My Christian group refused to serve at the restaurant. But we did not weaponize the government for this crime

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Ever since Richmond’s Metzger Bar & Butchery canceled our organization’s order an hour and a half before our guests were due to arrive for dessert, we’ve received an outpouring of support from Americans who don’t want to eat at a place that uses a religious or political litmus test. in front of the door.

For those unfamiliar with the disturbing story, our organization refused entry to a restaurant because the officers refused to serve us because of their beliefs.

It’s very disturbing when officers in any restaurant prejudge people they’ve never met based on those people’s faith-based values. For many conservative Christians, hatred and intolerance are something they know all too well. They are tired of being subjected to irrational fear and hatred by the awakened elite, who want to be shut out of the public sphere and the market. Many have strongly urged us to take this matter to court.

As an organization with a legal arm, the Constitutional Freedoms Law Center, a lawsuit or prosecutorial request seems like the obvious next step. Every day, our attorneys work on legal actions in situations where people of faith, including doctors and teachers, have lost their jobs or suffered other serious consequences because of their religious beliefs. When employers trample on the fundamental religious freedoms of their employees, we allow legal rulings to remind them of the Constitution and their civil rights.

Victoria Cobb is president of the Virginia Family Foundation.

Metzger’s officers were wrong, and his owners should have taken the opportunity to educate their team about customer service, despite the differences, without succumbing to prejudice.

Although our guests and I may be very upset that we’ve been flagged as “safe” for refusing service and simply sitting down to eat, the confidence of the wait staff in such a threatening manner makes us turn the other way. will teach. We simply and politely found another restaurant without making a scene or demanding to be served.

Also, unlike many in the LGBT community, we believe it is not always necessary or appropriate to arm the government against those who deny us services because they do not agree with our beliefs. This was Colorado, where there are several bakeries. Jack Phillips bakes anyone, any cake they want, except a cake that violates his beliefs. Her customers include LGBT people, she doesn’t just cook for same-sex weddings, the free market is the solution, not the government.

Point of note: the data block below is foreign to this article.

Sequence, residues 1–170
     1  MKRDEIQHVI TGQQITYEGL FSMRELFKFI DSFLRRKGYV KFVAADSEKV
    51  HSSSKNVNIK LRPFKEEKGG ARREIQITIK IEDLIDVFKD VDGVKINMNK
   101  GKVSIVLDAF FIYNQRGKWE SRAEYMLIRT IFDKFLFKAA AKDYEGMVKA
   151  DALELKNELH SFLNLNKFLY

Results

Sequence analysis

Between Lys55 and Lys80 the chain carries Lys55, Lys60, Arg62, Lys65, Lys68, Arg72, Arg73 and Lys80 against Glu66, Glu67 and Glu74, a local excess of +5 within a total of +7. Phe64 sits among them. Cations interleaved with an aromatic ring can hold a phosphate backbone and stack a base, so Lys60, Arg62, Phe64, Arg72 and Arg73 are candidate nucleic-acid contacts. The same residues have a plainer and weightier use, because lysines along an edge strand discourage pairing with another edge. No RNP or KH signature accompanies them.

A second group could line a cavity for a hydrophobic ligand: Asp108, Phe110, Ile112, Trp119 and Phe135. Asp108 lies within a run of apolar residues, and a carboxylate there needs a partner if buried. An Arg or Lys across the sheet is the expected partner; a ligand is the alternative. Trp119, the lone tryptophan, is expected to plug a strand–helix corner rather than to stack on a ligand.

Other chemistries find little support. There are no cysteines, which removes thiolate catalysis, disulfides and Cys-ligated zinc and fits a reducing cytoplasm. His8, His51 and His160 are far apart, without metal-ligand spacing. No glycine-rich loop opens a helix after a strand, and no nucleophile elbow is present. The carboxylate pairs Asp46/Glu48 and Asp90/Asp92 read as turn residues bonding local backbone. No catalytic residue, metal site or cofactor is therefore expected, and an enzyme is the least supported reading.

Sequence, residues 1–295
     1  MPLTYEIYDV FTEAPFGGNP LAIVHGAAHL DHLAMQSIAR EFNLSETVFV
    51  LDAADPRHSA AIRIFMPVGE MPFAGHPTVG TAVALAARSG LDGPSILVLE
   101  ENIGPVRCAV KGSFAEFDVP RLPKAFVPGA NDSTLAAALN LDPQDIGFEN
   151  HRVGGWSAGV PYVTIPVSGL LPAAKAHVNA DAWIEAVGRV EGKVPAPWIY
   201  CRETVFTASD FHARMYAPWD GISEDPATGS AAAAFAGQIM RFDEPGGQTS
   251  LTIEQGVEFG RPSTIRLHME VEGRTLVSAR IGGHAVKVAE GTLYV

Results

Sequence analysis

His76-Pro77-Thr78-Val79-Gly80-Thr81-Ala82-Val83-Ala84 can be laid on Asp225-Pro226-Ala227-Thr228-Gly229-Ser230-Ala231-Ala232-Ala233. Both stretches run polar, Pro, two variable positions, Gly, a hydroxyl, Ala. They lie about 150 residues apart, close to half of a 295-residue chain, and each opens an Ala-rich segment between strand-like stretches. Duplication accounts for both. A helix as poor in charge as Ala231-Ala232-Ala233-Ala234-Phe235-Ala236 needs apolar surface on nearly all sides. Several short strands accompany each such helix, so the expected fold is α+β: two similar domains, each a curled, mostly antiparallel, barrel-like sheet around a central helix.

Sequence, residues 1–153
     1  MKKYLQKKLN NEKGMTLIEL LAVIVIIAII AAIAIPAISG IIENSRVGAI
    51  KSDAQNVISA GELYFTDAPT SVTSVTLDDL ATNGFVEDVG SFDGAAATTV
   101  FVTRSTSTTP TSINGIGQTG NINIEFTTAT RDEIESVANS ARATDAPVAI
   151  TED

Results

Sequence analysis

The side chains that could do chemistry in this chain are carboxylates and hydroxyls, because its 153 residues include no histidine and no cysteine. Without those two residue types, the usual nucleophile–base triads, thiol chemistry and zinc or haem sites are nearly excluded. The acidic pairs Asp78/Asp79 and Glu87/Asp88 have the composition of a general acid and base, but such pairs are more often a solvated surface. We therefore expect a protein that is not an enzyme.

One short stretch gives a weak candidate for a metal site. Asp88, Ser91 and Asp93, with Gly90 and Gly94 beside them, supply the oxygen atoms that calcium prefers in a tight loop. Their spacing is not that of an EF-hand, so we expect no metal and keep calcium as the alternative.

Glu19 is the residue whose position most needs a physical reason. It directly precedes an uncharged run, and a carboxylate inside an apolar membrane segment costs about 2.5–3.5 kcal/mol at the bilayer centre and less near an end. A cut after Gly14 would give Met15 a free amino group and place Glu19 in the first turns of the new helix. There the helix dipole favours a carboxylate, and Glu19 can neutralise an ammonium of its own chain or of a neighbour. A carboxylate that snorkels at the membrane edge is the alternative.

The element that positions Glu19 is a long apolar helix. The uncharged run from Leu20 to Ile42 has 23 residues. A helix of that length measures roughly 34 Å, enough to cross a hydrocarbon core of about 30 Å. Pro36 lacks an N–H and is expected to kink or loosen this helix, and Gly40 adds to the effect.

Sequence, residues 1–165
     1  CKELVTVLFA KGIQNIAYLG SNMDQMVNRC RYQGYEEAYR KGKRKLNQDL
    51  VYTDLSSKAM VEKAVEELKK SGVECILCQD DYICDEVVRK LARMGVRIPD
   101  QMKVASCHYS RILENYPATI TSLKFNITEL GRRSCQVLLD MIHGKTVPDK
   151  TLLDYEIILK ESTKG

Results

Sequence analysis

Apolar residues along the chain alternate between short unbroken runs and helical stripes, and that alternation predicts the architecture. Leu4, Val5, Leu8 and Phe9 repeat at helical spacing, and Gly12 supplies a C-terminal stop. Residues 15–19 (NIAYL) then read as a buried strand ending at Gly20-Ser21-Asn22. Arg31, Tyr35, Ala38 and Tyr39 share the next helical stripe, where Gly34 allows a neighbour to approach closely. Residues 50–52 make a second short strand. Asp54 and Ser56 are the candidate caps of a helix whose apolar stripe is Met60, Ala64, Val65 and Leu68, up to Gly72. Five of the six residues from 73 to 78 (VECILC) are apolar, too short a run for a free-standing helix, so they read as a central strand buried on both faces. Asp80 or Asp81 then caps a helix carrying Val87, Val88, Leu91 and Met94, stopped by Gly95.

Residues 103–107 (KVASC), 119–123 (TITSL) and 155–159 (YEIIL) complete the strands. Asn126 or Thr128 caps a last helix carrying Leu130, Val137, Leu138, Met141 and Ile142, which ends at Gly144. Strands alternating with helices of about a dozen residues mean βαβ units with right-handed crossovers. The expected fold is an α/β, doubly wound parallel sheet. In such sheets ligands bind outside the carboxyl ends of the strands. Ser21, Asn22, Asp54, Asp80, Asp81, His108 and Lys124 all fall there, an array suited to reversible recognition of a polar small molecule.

When prohibited discrimination causes harm to people that can be remedied by the justice system, legal recourse may be an appropriate solution. Although a victory in court here may satisfy the suffering felt by many people of faith because of the mistreatment, such a path does not define for us to live in peace with all. Since Metzger’s is far from the only restaurant in Richmond, we were able to direct our guests elsewhere. In this case, Metzger was judged in the court of public opinion.

The lesson for other businesses couldn’t be clearer: Embarrass yourself on the national stage by disparaging people of faith. This is not a recipe for success. Metzger needs to learn that.

Some say that if Jack doesn’t bake pies, he should “get out of the kitchen.” Is that what they say about Metzger?


I have news for everyone. Principled Christians are involved in every career, and they are not swayed by the intolerance of others, and you do not want a world without their influence. Pro-life doctors should not leave the medical field because they believe that life in the human womb should be protected, not purged. Catholic adoption agencies should not be closed because they think it is acceptable to give a child a mother and a father. Christian psychologists should not push gender-confused children into hormones and amputations because counseling can heal them.

In a pluralistic society, there should be room for all viewpoints. Those who shout “tolerance” the loudest should do so, even against those they deem unworthy. I believe that their tolerance of believers may not be as difficult as they think after they come into contact with Christians. The officer’s perceived threatening belief motivates us to treat the officer with kindness and love.

Our Law Center will continue to litigate for free on behalf of others when the injury is significant and the market does not provide an adequate remedy. But not today. Not against Metzger.

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